X-Men: Days of Future Past
Direction: Bryan Singer
Actors: Hugh Jackman, Jennifer Lawrence
They have seen a lot of action since their cinematic debut in 2000. Reassembling for the seventh installment of the titular franchise, the familiar band of mutants strives to save their species from extinction. But even viewers acquainted with the source, Marvel comics, may have to struggle to make sense of the labyrinthine time-travel plot.
Read Movie review: X-Men Days of Future Past is a blast
Worse, it’s difficult to keep track of the various extraneous characters whose super powers often seem a bit random. A feeling of deja vu sets in when in a post- apocalyptic wasteland rendered murkily discourtesy the 3D conversion, a handful of X-men (and women) have sought refuge from an army of lethal automatons. In a desperate bid for survival, the mutant elders and former rivals (Ian McKellen-Patrick Stewart) decide to send fearsome clansman (Jackman, channelling his inner minimal) back to the 1970s on a do-or-die mission.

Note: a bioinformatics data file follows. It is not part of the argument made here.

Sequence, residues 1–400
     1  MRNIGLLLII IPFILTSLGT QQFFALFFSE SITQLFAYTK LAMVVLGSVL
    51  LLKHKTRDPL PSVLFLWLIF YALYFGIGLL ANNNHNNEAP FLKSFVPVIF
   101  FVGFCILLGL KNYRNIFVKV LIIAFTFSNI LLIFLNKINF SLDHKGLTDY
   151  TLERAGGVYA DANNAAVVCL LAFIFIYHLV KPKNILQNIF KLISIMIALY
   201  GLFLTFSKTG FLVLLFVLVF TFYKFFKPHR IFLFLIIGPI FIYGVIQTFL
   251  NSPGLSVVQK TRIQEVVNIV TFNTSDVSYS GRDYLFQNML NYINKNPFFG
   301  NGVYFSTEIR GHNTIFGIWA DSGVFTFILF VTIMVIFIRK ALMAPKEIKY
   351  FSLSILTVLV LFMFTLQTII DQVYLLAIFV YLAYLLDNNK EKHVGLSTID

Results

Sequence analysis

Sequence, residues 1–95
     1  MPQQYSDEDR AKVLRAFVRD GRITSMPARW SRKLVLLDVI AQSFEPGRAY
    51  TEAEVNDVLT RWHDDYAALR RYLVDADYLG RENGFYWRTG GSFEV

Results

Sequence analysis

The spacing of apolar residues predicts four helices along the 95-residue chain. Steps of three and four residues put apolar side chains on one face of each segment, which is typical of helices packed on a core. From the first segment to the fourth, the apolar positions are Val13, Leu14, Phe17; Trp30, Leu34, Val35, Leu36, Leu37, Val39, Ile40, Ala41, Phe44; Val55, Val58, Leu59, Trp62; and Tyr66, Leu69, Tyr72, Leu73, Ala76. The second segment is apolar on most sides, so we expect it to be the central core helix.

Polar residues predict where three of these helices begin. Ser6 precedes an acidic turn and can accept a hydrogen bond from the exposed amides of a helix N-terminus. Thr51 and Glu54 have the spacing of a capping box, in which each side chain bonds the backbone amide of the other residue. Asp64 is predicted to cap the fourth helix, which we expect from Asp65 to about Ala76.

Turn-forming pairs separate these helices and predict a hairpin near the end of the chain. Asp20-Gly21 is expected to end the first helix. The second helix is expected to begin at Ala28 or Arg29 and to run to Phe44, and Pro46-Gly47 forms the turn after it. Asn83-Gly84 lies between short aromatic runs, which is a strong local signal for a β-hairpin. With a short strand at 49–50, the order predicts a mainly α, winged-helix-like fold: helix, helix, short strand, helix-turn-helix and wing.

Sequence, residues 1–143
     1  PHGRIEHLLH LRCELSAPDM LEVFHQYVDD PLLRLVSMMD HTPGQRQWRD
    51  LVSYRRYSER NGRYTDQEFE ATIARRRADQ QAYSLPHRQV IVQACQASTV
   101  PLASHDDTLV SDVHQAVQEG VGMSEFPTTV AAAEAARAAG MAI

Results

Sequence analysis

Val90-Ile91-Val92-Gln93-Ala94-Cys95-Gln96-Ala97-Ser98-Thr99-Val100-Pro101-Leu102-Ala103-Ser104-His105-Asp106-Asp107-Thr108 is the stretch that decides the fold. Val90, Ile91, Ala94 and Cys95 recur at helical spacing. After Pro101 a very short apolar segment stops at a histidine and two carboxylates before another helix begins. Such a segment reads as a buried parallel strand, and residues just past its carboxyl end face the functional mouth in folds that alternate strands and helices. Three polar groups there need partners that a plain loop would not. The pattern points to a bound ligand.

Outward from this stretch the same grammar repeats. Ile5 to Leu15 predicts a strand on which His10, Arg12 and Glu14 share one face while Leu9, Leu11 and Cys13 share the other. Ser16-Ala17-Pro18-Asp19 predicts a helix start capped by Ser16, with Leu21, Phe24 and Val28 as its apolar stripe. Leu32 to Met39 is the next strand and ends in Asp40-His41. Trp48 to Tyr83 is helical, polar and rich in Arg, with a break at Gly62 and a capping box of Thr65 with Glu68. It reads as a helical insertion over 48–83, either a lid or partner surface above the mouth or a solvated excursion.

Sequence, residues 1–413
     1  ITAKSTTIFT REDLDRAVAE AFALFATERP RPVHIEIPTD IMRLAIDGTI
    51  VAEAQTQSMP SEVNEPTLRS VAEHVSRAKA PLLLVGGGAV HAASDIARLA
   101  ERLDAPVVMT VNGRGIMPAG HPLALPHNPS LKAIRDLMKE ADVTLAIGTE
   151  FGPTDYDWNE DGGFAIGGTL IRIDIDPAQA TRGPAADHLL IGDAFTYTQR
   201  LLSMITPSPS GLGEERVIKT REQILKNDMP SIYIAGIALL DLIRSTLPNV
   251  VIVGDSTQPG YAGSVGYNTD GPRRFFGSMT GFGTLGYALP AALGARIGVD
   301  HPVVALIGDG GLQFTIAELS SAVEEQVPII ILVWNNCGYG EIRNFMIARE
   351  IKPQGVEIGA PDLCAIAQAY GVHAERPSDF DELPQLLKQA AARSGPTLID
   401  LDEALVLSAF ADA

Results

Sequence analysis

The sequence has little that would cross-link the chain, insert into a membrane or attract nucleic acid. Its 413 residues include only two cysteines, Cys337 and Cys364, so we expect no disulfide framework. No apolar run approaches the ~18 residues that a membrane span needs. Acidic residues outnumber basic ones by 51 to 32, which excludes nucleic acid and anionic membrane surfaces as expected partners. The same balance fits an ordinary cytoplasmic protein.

WATCH: X-MEN DAYS OF FUTURE PAST MAKES FOR A SATISFYING WATCH
Director Bryan Singer, who helmed the first two outings, reduces the narrative to a series of blurry action sequences. The screenplay alludes to the Vietnam War and the plight of the marginalised but collapses under the weight of its pretensions. The standout from the roster of new mutants is the super-speedy teenager (Evan Peters) who masterminds a prison break at the Pentagon.
A familiar president-in-peril situation is given a seeing is disbelieving spin when a soccer stadium is yanked from its foundation and dropped around the White House. Days of Future Past is X-tremely disappointing.